Equipment suggestions for Outdoor Trips

Clothing needs to be selected to fit the weather. (Hot Summer or cool / cold spring or fall weather)
We suggest that you dress in layers. By dressing in layers you can adjust your clothing to stay comfortable throughout the trip. When assembling your clothing for a trip, think about the various combinations you might use in different weather conditions: From hot to very cold. From dry to wet. No wind or high winds. In the Spring or fall it can be warm and sunny when you start up the mountain, and snowing when you get to the top.
 I am a medium size guy but I have a few large / extra large garments that fit over everything else while sitting or standing around.
 Remember that you will sweat while hiking and need breathable clothing to get rid of the moisture. Modern synthetic materials are quick drying and breathable. In eastern North America you will encounter rainy days on the trail. Leave your cotton jeans at home.

You will not take everything on the list all the time (two hour hike), and you may add to it.
 If you are hiking with a group of people, equipment can be shared. One person carries the stove and someone else carries the water filter. Divide the weight up equally between hikers of equal ability.
 Most of your gear needs regular maintenance. Make sure that your stove is working, before heading out to the wilderness.

Day Hikes

Day pack
Flashlight or  Headlamp  (Petzl Tikka)   Longer trips bring extra batteries.
Compass,   preferably with luminous markings for use at night. (Such as a Sunto MC1 or A30)
Fire starter  (lighter, match safe, or any emergency fire starter that works)
Knife, Watch
Water bottles or Camelbak
Insect repellent , Sunscreen, toilet paper
Personal medications if needed.
First Aid Kit, Whistle
Hat, Cap, Head wear ; Gloves or mittens.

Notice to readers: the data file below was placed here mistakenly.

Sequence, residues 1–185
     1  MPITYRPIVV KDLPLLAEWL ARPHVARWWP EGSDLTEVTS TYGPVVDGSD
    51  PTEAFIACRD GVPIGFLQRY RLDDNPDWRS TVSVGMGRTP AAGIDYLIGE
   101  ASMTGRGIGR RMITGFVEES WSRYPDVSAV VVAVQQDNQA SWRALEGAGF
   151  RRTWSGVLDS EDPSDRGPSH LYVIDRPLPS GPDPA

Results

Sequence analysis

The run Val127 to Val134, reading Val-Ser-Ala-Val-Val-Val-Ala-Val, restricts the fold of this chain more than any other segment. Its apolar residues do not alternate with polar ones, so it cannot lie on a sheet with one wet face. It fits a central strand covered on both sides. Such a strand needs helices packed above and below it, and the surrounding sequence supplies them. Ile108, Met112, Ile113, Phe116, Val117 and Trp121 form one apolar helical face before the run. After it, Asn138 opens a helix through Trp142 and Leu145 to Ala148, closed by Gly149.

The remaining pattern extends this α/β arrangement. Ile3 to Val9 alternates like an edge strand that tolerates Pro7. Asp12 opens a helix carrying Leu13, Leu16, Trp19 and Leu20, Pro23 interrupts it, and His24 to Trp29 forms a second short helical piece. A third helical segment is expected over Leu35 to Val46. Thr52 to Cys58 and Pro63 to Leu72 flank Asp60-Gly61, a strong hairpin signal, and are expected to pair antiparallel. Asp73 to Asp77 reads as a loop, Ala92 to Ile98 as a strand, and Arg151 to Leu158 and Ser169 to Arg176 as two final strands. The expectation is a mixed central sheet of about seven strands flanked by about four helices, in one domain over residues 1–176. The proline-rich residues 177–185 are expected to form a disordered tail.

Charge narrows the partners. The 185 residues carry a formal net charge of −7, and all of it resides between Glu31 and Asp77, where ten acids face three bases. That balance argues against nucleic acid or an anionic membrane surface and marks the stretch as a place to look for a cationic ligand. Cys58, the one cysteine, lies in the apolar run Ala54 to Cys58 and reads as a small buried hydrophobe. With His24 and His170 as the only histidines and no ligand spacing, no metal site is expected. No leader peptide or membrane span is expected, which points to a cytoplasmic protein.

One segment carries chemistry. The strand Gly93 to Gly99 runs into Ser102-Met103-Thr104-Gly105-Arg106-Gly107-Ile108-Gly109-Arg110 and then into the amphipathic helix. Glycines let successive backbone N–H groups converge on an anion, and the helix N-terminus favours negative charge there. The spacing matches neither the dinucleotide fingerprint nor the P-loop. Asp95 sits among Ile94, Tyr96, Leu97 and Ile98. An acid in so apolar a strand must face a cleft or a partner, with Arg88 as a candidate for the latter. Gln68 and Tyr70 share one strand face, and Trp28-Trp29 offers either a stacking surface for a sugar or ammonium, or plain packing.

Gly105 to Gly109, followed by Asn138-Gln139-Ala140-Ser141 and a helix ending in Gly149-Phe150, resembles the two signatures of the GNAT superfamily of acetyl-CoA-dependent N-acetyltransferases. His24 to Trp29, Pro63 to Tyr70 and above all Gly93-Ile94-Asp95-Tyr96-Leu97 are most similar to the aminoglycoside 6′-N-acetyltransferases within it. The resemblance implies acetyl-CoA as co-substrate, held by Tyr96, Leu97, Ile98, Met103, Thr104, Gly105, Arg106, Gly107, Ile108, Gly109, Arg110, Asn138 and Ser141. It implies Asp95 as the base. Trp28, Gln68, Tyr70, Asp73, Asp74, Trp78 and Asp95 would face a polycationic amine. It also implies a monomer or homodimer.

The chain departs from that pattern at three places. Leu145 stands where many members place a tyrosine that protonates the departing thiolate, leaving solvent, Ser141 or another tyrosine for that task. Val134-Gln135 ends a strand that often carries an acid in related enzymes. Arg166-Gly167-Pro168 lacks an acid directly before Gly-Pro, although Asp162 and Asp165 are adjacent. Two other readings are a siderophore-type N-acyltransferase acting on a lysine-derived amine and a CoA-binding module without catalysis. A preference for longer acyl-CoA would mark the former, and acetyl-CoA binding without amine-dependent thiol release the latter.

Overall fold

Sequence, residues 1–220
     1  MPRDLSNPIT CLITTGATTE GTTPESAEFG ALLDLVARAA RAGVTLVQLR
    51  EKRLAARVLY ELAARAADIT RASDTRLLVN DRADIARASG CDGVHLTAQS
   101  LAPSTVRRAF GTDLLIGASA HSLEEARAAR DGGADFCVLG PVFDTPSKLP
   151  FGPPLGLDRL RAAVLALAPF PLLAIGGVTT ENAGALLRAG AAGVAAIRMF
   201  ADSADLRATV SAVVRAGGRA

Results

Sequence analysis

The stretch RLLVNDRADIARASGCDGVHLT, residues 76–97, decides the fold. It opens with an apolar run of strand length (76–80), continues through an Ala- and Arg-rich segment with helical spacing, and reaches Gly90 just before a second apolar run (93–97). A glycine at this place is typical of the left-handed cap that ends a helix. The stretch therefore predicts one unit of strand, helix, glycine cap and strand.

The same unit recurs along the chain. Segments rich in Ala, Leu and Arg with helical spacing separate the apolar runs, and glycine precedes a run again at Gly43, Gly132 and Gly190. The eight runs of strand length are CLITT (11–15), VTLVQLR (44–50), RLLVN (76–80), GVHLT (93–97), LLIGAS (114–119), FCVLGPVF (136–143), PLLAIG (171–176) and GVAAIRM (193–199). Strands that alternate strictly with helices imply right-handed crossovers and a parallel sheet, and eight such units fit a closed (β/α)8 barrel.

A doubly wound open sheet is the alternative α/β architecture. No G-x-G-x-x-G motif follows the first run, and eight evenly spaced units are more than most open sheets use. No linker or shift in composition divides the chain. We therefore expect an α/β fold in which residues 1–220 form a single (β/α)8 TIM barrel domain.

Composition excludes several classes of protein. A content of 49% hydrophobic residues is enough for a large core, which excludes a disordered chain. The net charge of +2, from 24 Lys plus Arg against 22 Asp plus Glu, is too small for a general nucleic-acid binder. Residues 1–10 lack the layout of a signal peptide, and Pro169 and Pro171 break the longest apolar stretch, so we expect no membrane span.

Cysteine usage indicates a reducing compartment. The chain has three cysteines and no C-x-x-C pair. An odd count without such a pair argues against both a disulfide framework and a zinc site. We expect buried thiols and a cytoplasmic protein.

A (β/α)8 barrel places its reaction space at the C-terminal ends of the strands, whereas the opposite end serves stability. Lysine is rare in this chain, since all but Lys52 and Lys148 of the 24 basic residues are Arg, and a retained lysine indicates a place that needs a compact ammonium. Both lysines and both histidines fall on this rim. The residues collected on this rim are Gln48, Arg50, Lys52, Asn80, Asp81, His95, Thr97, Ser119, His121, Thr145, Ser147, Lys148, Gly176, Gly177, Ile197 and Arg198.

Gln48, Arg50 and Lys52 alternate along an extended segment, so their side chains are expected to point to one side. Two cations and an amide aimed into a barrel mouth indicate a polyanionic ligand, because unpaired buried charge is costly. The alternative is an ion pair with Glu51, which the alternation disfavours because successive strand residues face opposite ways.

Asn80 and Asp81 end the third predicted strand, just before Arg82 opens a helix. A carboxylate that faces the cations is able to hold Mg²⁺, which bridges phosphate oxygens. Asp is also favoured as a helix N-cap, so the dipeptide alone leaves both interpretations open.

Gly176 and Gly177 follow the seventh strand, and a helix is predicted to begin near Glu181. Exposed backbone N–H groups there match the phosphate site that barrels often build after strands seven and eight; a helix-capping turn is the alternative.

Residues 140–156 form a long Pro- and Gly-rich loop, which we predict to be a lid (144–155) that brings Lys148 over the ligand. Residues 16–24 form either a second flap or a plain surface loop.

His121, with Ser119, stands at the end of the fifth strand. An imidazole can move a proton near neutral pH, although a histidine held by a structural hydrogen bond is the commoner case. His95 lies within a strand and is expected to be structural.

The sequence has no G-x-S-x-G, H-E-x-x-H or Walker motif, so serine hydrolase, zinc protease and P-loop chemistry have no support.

Rain Gear (jacket and pants) A Gore-tex rain jacket can also be used for your wind shell.
Wind jacket if rain gear is not breathable.
A warm fleece, vest, or quilted middle layer. (A lightweight quilted jacket with hood is good in cool weather)    
Light quick-drying trousers or hiking shorts, Belt.
A quick drying shirt.
 (long sleeve shirt and pants are good protection from Black flies, and to much sun, sunburn.)
Hiking boots and socks.
Extra Socks in waterproof bag.
Long underwear (poly or wool)
Camera, Binoculars
A Walking stick or Trekking Poles are necessary when you have to wade across streams and small rivers.

Boots should be well broken in and comfortable. Waterproof (Gore-tex) boots are good in the eastern states.
Gaiters are sometimes good when wearing low cut boots or shoes.
I usually like the lightest boots that I can find. But remember that you need more support (good arch support, stronger soles) when backpacking with a heavy pack, than on a day hike carrying little weight.
When you go to the store to try on boots get a boot that fits well. Also think about how much the boots weigh.
Get good moisture wicking socks.
Find out what works best for you, while hiking around home, before your wilderness trip.

Additional gear for backpacking and overnight trips.

Larger Pack
Sleeping Bag in waterproof stuff sack and sleeping pad.
Extra clothes in waterproof stuff sack
Tent , ground cloth
Stove and fuel
Cooking Pots and utensils  (cooking Kit).
Water Filter
Food Bag and rope, to hang food in tree away from Bears.
Personal Gear:  Toothbrush, comb, razor, soap, etc.
 You will need a good lightweight mummy sleeping bag.

For use in the early spring and fall you want a bag that is comfortable when the temperature is down to freezing. {32F}. The weather may be warmer, but we do have frost  in the mountains during early and late season. Look for a bag that is warm and lightweight. Around 2 or 3lbs total weight.
 Sleeping Bags for summer camping do not have to be as warm and can weigh less.
Price varies, But could be $200 or less. Marmot and Mountain Hardware make good backpacking bags. So do quite a few other manufacturers.
 Get good boots that fit well.
 Get good breathable rain gear. When you are on the trail for days at a time you need good quality rain gear.
 Think about weight for everything you buy or put in your pack. Google lightweight hiking or Backpacking. See what others are saying about the gear that is currently available. Technology is constantly changing and we never know when a significant improvement will come along.
Also think about what you can leave out.
 There is quite a difference in the weight of modern backpacks. And it does not have to be the most expensive to be lightweight.
 I do like a light waist belt on my backpacking packs. The belt puts some of the load on the hips and takes some weight off the shoulders. Don't get carried away with this though. Some belts / suspension systems are to heavy.
I like a pack that is just big enough for the necessary items. I do have some older packs that are to big and too heavy. They stay home.

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